NIMBY, meet NUMBY: Not under my backyard.
The Guardian reports today:
It was meant to be the world’s first demonstration of a technology that could help save the planet from global warming — a project intended to capture emissions from a coal-fired power station and bury them safely underground.
But the German carbon capture plan has ended with CO2 being pumped directly into the atmosphere, following local opposition at it being stored underground.
Ouch. Perhaps CCS is just another (open) pipe dream.
CCS was never going to be a slam dunk. As I explained a year ago, “CCS has four fundamental problems that have reduced enthusiasm for it recently and limited its likely role”:
- Cost: This is the biggest problem, and it hasn’t gotten better (see Harvard stunner: “Realistic” first-generation CCS costs a whopping $150 per ton of CO2 “” 20 cents per kWh!).
- Scale: We need to put in place a dozen or so clean energy “stabilization wedges” by mid-century to avoid catastrophic climate outcomes “” see “How the world can (and will) stabilize at 350 to 450 ppm: The full global warming solution (updated)” For CCS to be even one of those would require a flow of CO2 into the ground equal to the current flow of oil out of the ground. That would require, by itself, re-creating the equivalent of the planet’s entire oil delivery infrastructure, no mean feat.
- Permanence and transparency: If Putin’s Russia said it was sequestering 100 million tons of CO2 in the ground permanently, and wanted other countries to pay it billions of dollars to do so, would anyone trust them? No. The potential for fraud and bribery are simply too enormous. But would anyone trust China? Would anyone trust a U.S. utility, for that matter? We need to set up some sort of international regime for certifying, monitoring, verifying, and inspecting geologic repositories of carbon “” like the U.N. weapons inspections systems. The problem is, this country hasn’t been able to certify a single storage facility for a high-level radioactive waste after two decades of trying and nobody knows how to monitor and verify underground CO2 storage. It could take a decade just to set up this system.
- Timing: As Howard Herzog of MIT’s Laboratory for Energy and the Environment said last year, “How can we expect to build hundreds of these plants when we’re having so much trouble building the first one?”
On timing, I wrote last September that “the first moderate-sized (30 MW) pilot plant with CCS just started up this month in Germany.” So it was quite a shock to learn:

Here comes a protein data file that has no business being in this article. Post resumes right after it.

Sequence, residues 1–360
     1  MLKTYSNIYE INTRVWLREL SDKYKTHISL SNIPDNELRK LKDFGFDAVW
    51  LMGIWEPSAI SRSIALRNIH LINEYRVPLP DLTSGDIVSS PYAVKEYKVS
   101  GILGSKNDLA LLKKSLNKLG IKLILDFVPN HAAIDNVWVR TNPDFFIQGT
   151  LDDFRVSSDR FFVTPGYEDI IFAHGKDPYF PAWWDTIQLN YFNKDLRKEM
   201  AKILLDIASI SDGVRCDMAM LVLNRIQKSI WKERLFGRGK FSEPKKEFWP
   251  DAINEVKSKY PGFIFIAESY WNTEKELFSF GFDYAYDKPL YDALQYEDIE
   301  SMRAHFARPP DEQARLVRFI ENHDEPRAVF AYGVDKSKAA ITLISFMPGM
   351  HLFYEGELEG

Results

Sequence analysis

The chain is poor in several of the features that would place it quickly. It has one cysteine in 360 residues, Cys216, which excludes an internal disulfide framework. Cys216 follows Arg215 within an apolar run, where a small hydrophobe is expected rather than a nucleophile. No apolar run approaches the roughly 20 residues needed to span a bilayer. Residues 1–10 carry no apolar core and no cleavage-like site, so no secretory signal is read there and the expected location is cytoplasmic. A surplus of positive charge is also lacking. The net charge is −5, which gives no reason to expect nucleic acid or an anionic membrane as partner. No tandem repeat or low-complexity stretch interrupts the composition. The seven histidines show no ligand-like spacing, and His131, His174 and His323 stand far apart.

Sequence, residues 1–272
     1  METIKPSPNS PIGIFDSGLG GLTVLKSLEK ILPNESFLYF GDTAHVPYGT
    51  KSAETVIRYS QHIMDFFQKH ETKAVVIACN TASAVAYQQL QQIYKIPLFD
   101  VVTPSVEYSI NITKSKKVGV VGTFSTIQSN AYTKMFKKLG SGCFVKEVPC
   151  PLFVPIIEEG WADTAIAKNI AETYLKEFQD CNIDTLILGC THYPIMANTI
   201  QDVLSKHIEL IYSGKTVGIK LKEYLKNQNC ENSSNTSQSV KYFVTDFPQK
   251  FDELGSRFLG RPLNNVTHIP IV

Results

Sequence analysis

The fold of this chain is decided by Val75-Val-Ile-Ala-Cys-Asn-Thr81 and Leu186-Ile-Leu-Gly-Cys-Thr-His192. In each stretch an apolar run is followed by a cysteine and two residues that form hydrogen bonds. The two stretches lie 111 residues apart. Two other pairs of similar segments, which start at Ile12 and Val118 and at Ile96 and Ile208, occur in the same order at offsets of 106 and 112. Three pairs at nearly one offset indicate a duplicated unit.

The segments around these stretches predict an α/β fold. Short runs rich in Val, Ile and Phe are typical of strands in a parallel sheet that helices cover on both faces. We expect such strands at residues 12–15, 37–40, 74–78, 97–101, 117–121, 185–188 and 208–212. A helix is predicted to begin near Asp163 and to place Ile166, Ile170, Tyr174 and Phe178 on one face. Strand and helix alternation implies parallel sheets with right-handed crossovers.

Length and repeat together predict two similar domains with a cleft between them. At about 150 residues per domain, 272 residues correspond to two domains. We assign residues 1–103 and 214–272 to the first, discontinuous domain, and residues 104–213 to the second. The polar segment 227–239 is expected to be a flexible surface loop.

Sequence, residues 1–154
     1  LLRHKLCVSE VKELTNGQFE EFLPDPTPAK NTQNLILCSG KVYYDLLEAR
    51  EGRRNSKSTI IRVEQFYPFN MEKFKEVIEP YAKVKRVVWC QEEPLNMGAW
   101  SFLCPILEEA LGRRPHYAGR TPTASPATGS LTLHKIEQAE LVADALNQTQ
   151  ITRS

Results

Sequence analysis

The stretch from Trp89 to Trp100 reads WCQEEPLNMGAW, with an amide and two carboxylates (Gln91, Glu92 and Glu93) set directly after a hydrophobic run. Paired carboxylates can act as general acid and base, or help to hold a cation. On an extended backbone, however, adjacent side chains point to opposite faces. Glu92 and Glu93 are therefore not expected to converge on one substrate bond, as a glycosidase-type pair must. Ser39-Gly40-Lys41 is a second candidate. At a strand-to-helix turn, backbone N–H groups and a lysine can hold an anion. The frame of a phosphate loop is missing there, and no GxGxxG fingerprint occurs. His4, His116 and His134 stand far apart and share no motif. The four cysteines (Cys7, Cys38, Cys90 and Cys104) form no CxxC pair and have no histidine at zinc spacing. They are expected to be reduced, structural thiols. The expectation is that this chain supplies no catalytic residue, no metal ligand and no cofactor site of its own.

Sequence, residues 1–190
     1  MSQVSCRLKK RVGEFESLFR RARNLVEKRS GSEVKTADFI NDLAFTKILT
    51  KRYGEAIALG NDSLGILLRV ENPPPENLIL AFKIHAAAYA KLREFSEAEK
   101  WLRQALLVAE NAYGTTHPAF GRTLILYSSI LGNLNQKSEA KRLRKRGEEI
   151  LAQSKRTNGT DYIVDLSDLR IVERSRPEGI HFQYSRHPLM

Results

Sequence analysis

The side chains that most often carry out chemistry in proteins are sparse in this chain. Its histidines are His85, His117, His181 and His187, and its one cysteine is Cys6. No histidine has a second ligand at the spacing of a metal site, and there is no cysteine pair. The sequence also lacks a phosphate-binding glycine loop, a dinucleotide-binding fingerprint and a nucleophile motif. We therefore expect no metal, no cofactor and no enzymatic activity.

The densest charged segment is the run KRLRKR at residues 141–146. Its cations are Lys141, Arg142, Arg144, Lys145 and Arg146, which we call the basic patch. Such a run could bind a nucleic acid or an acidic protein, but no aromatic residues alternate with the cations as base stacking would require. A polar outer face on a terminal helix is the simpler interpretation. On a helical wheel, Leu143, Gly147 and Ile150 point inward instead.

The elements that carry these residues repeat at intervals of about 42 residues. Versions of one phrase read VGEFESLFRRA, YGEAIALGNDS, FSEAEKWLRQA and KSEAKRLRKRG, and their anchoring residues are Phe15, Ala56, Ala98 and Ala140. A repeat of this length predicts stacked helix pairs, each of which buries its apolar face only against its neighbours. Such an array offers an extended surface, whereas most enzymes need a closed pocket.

Vattenfall’s Schwarze Pumpe project in Spremberg, northern Germany, launched in a blaze of publicity last September, was a beacon of hope, the first scheme to link the three key stages of trapping, transporting and burying the greenhouse gases.
The Swedish company, however, surprised a recent conference when it admitted that the ‚¬70m (£60.3m) project was venting the CO2 straight into the atmosphere. “It was supposed to begin injecting by March or April of this year but we don’t have a permit. This is a result of the local public having questions about the safety of the project,” said Staffan Gortz, head of carbon capture and storage communication at Vattenfall. He said he did not expect to get a permit before next spring: “People are very, very sceptical.”
The spread of localised resistance is a force that some fear could sink Europe’s attempts to build 10 to 12 demonstration projects for carbon capture and storage (CCS) by 2015. The plan had been to transport up to 100,000 tonnes of carbon dioxide from the power plant each year and inject it into depleted gas reservoirs at a giant gasfield near the Polish border….
Stuart Haszeldine, a CCS expert at the University of Edinburgh, warned of the danger of opposition towards CCS snowballing into a “bandwagon of negativity” if too many early projects were rejected. “Once you’ve screwed up one or two of them, people are going to think ‘if they rejected this in Barendrecht, there must be a reason’,” he said.
People should think of CCS as a post-2025 solution (at best), worthy of R&D and demonstration funding, especially for projects that include biomass cofiring.
But we need massive deployment of low-carbon technology now, however, and that means efficiency, conservation, recycled energy, natural gas, wind, solar PV, concentrated solar thermal with storage, geothermal, biomass….